Gregory of Nazianzus (ca. CE 330-390), an important theologian of the early Christian Church and the most widely read and imitated patristic author in Byzantium, produced a great amount of poetry in traditional classical language and metres. This talk will present various aspects of his poems’ transmission and reception history. An intriguing question that arises is whether these poems won a place in the school curriculum. The scholia and the paraphrases transmitted with the text of the poems in many manuscripts, together with others found in lexica, florilegia and schedographies (educational exercises), suggest that selections of these poems were used in schools. Gregory’s classicizing literary output (and especially his poems) mattered a great deal in shaping the educated Byzantine’s attitude towards the Classics throughout the life of Byzantium and thus ensuring the survival of antique Greek literature.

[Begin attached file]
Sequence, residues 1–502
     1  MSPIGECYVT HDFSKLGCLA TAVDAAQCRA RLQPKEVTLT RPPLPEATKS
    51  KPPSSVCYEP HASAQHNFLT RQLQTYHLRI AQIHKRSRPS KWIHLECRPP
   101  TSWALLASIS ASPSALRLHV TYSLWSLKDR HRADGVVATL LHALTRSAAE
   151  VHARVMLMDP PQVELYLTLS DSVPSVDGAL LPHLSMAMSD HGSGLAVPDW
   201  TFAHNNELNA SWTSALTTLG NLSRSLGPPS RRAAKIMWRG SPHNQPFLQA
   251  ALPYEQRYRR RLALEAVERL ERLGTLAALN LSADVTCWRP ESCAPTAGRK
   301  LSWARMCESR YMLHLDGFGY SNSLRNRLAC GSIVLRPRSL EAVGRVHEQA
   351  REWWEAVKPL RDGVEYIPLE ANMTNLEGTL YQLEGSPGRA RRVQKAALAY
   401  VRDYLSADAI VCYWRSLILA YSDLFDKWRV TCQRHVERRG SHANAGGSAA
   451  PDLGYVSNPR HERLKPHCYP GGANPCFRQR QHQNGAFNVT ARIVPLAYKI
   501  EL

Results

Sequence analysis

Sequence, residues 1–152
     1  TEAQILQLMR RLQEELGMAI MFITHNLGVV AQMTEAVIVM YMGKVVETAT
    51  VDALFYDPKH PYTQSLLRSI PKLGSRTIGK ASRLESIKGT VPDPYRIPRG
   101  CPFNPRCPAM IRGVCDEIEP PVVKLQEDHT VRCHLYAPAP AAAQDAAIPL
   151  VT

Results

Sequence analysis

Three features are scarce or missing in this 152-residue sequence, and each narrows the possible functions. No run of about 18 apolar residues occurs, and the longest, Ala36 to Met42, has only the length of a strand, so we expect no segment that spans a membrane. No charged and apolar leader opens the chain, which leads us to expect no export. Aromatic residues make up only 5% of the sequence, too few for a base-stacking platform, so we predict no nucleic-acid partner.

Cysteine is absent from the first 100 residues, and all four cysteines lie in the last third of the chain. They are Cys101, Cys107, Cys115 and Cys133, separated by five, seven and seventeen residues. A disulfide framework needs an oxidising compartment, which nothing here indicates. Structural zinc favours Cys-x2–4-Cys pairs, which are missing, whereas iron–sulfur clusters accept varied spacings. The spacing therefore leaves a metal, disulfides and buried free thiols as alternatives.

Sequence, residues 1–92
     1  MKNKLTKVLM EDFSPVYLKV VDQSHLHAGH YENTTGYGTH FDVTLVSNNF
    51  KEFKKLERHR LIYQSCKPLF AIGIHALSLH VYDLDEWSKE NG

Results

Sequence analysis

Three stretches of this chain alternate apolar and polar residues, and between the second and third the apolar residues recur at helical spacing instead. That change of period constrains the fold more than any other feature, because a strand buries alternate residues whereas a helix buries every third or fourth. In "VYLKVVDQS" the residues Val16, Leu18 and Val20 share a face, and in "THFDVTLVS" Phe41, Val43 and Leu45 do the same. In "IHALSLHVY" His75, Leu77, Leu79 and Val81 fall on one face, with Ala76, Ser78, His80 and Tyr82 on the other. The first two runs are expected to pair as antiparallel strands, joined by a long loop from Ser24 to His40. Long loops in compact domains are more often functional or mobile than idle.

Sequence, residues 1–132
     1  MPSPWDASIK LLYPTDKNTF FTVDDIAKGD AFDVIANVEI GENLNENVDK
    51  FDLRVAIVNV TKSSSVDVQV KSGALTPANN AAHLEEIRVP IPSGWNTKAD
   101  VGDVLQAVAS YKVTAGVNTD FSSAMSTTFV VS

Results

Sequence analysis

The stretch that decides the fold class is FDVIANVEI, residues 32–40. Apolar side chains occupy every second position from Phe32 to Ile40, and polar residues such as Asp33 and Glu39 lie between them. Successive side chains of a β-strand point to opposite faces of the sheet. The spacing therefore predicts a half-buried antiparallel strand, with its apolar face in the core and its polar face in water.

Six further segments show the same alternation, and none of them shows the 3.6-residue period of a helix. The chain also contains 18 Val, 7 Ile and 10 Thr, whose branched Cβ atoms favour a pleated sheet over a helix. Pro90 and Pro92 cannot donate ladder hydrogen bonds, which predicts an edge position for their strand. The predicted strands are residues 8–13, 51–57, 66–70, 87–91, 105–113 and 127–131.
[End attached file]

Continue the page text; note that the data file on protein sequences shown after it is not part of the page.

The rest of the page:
Christos Simelidis is Assistant Professor in Late Antique and Byzantine Literature at the Aristotle University of Thessaloniki. He studied Classics and Byzantine Studies at Thessaloniki and Oxford, where he also held a British Academy Postdoctoral Fellowship at Lincoln College, Oxford. His research interests include the literature of Late Antiquity and Byzantium, the reception of classical and biblical texts in the early Christian and Byzantine literature, and various aspects of Byzantine scholarship (what was read, by whom and with what degree of understanding). His major research project is a critical edition of the Carmina of St. Gregory of Nazianzus for the Corpus Christianorum series. He is currently a Fellow in Byzantine Studies at Dumbarton Oaks in Washington, D.C.
Originally published at medieval.nd.edu.